- The ethical implications of telemedicine will be in the spotlight when the American Medical Association’s House of Delegates convenes in Chicago this weekend, Forbes reported.
- The policymaking body will vote on whether to adopt guidelines on the “ethical practice” of care delivered via telephone, videoconferencing, or other remote means.
- The meeting, which runs June 11-15, sets the AMA’s lobbying agenda for the coming year.
Concerns about telemedicine come as more Americans are gaining coverage under Obamacare and more insurers are paying for remote consultations. This is fueling the growth of telehealth vendors like MDLive, Teladoc, and American Well.
“Although physicians’ fundamental ethical responsibilities do not change, the continuum of possible patient-physician interactions in telehealth/telemedicine give rise to differing levels of accountability for physicians,” says a report by the AMA’s Council on Ethical and Judicial Affairs.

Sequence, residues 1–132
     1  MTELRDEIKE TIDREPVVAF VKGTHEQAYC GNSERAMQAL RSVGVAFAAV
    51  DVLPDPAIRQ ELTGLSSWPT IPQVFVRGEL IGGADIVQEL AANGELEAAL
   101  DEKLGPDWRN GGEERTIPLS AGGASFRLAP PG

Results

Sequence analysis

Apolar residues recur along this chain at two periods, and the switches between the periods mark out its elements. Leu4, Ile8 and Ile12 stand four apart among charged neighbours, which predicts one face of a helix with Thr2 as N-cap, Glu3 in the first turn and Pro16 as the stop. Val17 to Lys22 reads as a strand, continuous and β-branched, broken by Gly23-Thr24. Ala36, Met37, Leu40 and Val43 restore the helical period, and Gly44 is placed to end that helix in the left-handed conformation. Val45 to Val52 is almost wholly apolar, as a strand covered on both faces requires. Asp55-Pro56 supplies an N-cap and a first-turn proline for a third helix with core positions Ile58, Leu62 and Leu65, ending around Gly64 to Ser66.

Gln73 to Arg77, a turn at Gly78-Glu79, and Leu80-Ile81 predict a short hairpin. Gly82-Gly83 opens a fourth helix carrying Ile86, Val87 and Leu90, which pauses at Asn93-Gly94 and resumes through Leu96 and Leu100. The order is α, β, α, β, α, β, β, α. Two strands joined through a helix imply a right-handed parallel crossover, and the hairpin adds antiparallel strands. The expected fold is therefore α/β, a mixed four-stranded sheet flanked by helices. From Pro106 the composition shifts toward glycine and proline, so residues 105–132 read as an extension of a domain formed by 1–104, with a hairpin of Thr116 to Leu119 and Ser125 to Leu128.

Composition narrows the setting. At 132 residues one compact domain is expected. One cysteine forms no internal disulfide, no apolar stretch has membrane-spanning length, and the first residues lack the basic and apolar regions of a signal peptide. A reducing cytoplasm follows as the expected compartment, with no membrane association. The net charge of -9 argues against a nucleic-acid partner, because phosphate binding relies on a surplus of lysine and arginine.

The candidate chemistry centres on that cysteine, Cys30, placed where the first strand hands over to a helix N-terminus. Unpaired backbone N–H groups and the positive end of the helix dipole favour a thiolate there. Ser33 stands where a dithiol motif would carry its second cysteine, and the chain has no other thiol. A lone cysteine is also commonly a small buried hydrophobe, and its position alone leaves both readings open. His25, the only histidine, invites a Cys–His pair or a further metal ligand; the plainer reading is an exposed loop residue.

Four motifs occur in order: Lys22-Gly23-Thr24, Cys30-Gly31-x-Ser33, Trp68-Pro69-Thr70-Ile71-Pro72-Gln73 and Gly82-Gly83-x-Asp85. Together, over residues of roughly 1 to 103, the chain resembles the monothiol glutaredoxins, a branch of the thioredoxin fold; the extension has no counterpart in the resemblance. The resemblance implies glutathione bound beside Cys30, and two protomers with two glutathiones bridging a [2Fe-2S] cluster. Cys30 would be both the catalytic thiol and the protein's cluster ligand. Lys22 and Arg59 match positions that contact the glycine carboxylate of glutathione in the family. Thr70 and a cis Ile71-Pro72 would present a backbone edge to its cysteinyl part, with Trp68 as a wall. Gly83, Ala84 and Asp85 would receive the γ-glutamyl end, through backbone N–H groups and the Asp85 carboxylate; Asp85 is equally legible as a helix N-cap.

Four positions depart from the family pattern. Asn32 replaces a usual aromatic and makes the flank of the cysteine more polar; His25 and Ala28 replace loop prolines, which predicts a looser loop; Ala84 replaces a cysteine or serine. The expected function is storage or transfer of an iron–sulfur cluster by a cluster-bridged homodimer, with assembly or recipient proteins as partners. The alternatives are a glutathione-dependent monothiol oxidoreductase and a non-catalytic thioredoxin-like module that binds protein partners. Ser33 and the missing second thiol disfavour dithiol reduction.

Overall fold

To ensure quality of care, the council wants vendors to be transparent about any limitations of their service, inform patients of necessary follow-up care and encourage them to share their telehealth experience with their primary care physician.